Form the dough into a 12 by 2 inch log. Wrap and refrigerate for at least 2 hours, or, preferably overnight. (hs note: At this point I formed the dough into two flat patties, knowing I wanted to roll it out and use cookie cutters to shape the cookies).

Position the tacks in the upper and lower thirds of the oven and preheat the oven to 350F degrees. Line the baking sheets with parchment paper.

Use a sharp knife to cut the cole dough log into 1/4-inch-thick slices. (hs note: or roll out with a floured rolling pin and cut out shapes with cookie cutter.) Place the cookies at least 1 1/2 inches apart on the baking sheets.

Bake until the cookie are just beginning to color at the edges, 12 to 14 minutes, rotating the baking sheets from top to bottom and front to back halfway through the baking. Cool the cookies in the pans on a rack, or slide the parchment liners carefully onto the rack to free up the pans. Let cool completely. The cookies are delicious fresh but even better the next day. They can be stored in an airtight container for at least one month.

Makes forty-eight 2 1/2-inch cookies.

from Pure Dessert by Alice Medrich (Artisan, 2007) - reprinted with permission.

If you make this recipe, I'd love to see it - tag it #101cookbooks on Instagram!

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Comments

just another thing to add to the to try out. looks so good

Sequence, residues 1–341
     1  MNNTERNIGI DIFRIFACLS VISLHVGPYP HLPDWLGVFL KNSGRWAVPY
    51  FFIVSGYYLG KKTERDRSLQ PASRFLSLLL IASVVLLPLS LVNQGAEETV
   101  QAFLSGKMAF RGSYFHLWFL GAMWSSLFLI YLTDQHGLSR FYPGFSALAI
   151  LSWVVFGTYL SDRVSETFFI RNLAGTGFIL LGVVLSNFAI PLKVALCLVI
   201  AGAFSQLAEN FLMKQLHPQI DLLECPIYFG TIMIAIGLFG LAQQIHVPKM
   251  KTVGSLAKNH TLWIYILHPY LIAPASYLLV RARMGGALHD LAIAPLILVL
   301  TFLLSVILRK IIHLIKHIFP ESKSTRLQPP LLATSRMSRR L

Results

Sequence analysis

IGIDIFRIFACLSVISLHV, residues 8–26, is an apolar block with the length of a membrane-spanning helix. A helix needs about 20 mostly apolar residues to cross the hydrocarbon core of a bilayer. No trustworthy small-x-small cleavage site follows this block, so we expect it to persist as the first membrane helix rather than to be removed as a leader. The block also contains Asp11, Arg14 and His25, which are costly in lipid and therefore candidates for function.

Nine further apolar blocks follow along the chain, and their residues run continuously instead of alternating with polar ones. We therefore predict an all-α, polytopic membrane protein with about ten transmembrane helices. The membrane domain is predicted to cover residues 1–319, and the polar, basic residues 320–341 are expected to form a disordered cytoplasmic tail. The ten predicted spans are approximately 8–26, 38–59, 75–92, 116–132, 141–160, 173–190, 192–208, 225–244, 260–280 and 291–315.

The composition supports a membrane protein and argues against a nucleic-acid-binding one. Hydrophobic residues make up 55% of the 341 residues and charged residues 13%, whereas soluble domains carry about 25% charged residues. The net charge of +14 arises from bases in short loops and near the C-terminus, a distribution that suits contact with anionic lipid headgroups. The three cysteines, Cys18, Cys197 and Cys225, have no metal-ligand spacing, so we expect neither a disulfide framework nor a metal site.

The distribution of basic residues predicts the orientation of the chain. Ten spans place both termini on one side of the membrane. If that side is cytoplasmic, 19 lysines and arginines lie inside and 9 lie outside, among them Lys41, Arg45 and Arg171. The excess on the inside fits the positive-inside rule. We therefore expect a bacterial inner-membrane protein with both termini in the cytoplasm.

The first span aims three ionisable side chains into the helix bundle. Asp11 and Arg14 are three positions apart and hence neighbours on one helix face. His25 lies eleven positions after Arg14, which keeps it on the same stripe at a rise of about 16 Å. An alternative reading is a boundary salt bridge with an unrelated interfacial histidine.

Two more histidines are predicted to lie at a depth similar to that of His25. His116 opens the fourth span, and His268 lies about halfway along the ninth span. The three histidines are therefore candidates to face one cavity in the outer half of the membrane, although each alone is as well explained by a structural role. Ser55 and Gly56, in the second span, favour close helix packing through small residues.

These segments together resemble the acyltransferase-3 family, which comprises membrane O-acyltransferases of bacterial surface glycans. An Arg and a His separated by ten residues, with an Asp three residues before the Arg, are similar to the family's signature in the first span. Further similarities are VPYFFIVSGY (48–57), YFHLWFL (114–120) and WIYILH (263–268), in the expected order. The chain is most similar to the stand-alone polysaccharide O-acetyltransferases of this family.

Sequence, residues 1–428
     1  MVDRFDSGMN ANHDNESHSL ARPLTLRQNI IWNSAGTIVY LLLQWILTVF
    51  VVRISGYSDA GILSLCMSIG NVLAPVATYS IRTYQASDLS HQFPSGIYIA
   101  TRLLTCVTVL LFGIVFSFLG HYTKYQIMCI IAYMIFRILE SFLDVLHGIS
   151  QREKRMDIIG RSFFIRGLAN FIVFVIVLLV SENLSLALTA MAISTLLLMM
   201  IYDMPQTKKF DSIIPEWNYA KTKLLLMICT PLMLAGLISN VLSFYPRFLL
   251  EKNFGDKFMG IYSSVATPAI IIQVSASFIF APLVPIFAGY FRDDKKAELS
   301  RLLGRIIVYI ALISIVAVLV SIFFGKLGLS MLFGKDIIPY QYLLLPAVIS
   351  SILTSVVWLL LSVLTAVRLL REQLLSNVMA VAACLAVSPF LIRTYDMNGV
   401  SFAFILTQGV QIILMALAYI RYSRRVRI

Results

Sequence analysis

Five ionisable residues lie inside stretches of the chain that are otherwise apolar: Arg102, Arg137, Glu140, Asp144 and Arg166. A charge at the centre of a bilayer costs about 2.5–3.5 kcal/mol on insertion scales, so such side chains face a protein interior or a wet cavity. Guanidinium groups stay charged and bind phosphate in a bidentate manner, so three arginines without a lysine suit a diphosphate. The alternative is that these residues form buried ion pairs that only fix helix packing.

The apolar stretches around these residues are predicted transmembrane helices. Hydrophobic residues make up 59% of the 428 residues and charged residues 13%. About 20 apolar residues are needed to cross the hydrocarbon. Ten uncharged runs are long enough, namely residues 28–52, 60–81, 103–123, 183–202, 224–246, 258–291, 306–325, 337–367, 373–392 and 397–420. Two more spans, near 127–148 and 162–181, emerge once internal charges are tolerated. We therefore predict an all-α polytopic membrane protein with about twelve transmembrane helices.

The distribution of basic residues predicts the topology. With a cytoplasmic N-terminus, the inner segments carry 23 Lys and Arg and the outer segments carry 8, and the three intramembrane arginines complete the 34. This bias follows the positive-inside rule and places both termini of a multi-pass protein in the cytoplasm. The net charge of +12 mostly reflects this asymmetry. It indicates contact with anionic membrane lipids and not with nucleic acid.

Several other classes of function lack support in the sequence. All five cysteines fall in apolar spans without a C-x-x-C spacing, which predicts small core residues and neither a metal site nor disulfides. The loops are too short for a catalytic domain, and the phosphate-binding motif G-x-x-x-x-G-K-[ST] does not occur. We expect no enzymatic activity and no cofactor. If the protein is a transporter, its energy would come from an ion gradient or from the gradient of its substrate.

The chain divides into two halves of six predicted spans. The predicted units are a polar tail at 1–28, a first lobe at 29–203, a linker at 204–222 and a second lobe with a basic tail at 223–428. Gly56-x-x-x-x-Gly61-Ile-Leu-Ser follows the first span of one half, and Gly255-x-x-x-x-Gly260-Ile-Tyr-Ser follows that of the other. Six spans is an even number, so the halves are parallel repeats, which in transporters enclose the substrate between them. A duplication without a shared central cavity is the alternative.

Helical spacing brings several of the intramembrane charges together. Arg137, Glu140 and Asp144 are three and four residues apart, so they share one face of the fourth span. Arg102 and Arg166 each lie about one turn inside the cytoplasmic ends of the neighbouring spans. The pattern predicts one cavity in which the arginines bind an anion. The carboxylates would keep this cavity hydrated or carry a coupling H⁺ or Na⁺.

Marissa

I have some cocoa nibs I purchased at Ah Cacao in Playa del Carmen. They are larger pieces so what is the best way to break them up for the cookie dough? I've never used them before.

Amy

Those look absolutely incredible. I just found you through the d*S blog and I will be an avid reader hence forth :)

ThePeachTree

I love your recipes and your pictures !!!! Bravo !

cindy

Can you use baking cocoa and finely chopped pecans in place of the cocoa nibs? They seem rather expensive to buy just for this one recipe! What do you think?

carrie

those look just wonderful. buttery and flaky and...cannot describe any further. Have to bake them to find out more!

Betsy

These look fantastic! Sophie, I don't know which part of the UK you are in, but Fresh and Wild sell cacao nibs

Tisiphone

i just love your photos. you have a very clear style, and yet you always innovate and surprise me. i wish you would do some more posts about your photography workflow. i have tons of questions. do you have a concept before shooting, or do you find the shot while shooting ?do you style the food ? what sort of lighting setup do you use? and many more . . .

hili

After looking all over D.C. and not finding cacao nibs anywhere, I ended up buying them online here: http://www.cocoasupply.com/index.php?cPath=24 There are probably fancier ones out there but since I was trying them out for the first time, I didn't want to spend too much money. I haven't yet found buckwheat flour but it is on my list.

eg

I've a bag of buckwheat in my pantry, might just have to give these a go as they look divine.

Kitchen Goddess

It looks prefect! I try to make it on the holidays! And what do you mean by all-proupouse flour?

Kamenskaya Polina

WOW. Lookes beautiful...But when can you get buckwheat flour in israel? I'll start looking!

Ya'ara

I can't wait to try out this recipe!! I love exploring & discovering different flavours & ingredients (though sometimes my family's tastebuds repel against them hee!) - as soon as I get my hands on them cocoa nibs! Thanks Heidi!

Eunice